The Best Songs: Boeing 737 – The Low Anthem

I really like The Low Anthem.

I saw them in concert a few years back, they were terrific, ethereal, just marvelous. Later this year I’m going to see them again at Bergenfest.

Between the last time I saw them and today they’ve released the album, Smart Flesh that includes the song, Boeing 737.

This is one of the best songs released in the last couple of years. When we made our lists of the best songs in 2011 I just had not paid enough attention, this clearly belong in the top 5.

BBC said: “It sounds like Bob Dylan singing lead vocal for The Arcade Fire” (or something like that), and it really does! They also said: If the Low Anthem doesn’t release it as a single they’re mad.

I’ve included four visual representations of the song.

Here’s the first (“studio” version), The Low Anthem recorded the majority of “Smart Flesh,” their 2011 Nonesuch album, in a cavernous, vacant pasta sauce factory in Central Falls, Rhode Island:

I was in the air when the towers came down
In a bar on the 84th floor
I bought Philippe Petit a round
And asked what his high wire was for
He said, “I put one foot on the wire,
One foot straight into heaven”
As the prophets entered boldly into the bar
On the Boeing 737, Lord, on the Boeing 737
Hey little bird, would you be the one
To nest beneath my Gatling gun?
There’s nothing left I call my own
Come down and build me a home

Hear Ya live sessions (the best version):

I was in a bar when they rigged the towers
Trying to leave all my sins
The barmaid asked my order
And where my mind had been
I tried to recall the high wire
Philippe and his foot in heaven
As the prophets entered boldly into the bar
On the Boeing 737, Lord, on the Boeing 737
Hey little bird, would you be the one
To nest beneath my Gatling gun?
There’s nothing left I call my own
Come down and build me a home.

This is maybe just as good, Morning Becomes Eclectic version:

The Official Video, “The guys from End of the Road Pictures are friends of ours and one day they asked us if they could do a music video for ‘Boeing 737,'” the Low Anthem’s Jeff Prystowsky tells Spinner. “They had this idea of filming actual circus tightrope walkers in the forest. It sounded great to us, and I think they nailed it. They also made the video for ‘Charlie Darwin‘ last year, which was all done in stop-time animation. (from

There are two interpretations on songmeanings that rings equally true in my ears. First from dreamofpavement:

So… Philippe Petit is famous for doing a tightrope walk between the Twin Towers in the 70’s. Prophets = believers of Muhammed I guess. And Boeing 737 is a plane. I won’t bother spelling it out. But I think he does a lot of interesting things with the line about the bird and the Gatling gun. If that bird is a hawk, it’s a war thing. But thinking about the Low Anthem in general, I’m guess it’s a peace bird and if it’s nesting underneath a big gun, it either means the gun is non-operational, or if you use it the bird nest would be disturbed. So, if you’re a warmonger and your means of destruction is subverted by a bird, you’d have to find a new line of work, a new way to live. Maybe build yourself a new home. It’s funny because on the day I submitted these lyrics, my class had a lecture on Baudrillard’s essay about 9/11, the hegemon, and the Other. It seems oddly synchronic and fitting to still be thinking of all this.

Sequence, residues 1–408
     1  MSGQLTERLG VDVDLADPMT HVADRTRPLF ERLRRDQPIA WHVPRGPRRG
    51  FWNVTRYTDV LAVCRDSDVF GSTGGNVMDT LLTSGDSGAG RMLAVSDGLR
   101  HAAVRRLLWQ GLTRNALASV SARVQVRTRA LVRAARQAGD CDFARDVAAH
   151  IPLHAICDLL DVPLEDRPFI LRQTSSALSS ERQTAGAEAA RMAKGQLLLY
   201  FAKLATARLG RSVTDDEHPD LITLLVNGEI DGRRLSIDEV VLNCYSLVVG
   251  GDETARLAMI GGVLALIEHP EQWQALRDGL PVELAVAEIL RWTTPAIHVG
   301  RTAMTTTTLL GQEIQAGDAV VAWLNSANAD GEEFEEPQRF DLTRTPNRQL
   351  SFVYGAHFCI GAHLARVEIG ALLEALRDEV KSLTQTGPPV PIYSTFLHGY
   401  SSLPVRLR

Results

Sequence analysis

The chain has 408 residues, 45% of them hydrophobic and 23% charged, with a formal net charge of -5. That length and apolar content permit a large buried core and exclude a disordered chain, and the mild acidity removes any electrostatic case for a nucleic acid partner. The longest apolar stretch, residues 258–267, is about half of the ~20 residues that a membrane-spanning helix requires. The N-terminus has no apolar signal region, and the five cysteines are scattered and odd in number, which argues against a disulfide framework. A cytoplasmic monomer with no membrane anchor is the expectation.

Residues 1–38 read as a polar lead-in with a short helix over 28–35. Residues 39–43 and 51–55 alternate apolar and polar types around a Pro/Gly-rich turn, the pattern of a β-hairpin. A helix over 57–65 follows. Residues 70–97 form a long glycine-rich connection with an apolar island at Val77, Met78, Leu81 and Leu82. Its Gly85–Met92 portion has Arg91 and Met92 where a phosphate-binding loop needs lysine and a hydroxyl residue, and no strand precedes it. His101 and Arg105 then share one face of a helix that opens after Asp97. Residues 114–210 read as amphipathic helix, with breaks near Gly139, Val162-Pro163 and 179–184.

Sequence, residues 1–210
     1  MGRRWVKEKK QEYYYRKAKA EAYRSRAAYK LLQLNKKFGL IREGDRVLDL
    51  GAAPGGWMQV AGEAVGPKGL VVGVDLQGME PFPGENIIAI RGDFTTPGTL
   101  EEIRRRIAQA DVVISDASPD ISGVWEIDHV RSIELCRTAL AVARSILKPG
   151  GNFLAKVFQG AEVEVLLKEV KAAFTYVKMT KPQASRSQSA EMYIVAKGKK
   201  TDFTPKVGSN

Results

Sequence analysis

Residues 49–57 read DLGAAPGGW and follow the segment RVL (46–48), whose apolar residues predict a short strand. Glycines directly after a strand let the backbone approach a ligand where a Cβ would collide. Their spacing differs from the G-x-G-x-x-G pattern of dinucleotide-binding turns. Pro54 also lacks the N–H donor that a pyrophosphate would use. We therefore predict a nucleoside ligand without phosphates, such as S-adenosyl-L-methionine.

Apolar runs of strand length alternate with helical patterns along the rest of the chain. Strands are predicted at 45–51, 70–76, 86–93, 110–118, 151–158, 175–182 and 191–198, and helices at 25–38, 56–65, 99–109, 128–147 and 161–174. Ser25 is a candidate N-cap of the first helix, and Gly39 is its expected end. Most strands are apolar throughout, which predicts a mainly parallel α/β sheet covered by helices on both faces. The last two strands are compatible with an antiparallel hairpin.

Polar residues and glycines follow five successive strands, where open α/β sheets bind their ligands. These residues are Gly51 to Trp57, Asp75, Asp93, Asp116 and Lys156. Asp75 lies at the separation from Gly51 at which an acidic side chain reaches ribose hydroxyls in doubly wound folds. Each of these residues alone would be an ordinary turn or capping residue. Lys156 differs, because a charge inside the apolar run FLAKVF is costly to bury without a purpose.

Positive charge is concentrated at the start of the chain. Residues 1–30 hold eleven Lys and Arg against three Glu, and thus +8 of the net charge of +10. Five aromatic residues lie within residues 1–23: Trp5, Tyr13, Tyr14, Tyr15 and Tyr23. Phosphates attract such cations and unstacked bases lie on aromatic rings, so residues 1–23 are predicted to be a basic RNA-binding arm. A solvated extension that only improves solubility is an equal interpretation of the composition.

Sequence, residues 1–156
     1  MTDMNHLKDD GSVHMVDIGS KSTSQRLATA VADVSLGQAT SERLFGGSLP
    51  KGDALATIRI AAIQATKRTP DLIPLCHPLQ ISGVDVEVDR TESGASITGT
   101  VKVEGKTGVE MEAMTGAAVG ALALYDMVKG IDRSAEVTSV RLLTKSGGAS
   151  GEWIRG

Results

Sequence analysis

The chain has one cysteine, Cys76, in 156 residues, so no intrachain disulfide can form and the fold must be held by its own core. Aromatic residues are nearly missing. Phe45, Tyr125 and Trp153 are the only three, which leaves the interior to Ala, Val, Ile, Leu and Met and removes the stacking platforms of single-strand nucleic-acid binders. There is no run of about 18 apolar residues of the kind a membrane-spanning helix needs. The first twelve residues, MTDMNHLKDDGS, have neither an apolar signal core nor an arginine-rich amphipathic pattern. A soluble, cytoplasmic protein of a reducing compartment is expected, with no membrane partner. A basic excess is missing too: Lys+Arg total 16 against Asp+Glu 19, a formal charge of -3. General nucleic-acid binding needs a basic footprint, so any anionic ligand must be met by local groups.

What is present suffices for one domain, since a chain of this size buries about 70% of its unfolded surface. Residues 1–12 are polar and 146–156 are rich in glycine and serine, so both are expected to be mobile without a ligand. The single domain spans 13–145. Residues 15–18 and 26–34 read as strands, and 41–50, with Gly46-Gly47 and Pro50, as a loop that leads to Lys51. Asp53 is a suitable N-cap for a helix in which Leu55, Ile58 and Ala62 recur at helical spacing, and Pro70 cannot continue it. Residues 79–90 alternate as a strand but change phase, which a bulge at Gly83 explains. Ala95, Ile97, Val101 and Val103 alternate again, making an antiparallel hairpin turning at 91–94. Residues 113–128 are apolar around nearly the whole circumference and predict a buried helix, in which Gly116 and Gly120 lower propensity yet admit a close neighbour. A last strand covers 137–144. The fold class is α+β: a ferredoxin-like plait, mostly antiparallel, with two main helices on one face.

Then from Joshrob06:

I think the song is contrasting two methods to find “heaven” and inspire others. The tightrope walker does something peaceful and wonderful to achieve heaven and inspire (see above comment about Petit’s tightrope walk); whereas the “prophets” (terrorists) do something violent and awful. The narrator seems to be in the bar trying to figure out his own way to achieve heaven (“I was in a bar when they rigged the towers/Trying to leave all my sins”). He seems to want to emulate the tightrope walker, but his thoughts are interrupted by the bold entrance of the prophets. That is, often our attempts to better ourselves are interrupted or stymied by the violent actions of others. This is corroborated by the fact that most people will have to google Philippe Petit’s name to get the reference to his tightrope walk between the twin towers, but almost everyone probably thought of 9/11 right away. Violence and evil imprint on our minds erasing good memories. The chorus shows favor to the peaceful way to “build a home” (which I take as a synonym for finding heaven).

I think both of them have valid points. The songs is not straight forward and it is not the easiest to interpret.

But, fuck! What a great song!

– Hallgeir

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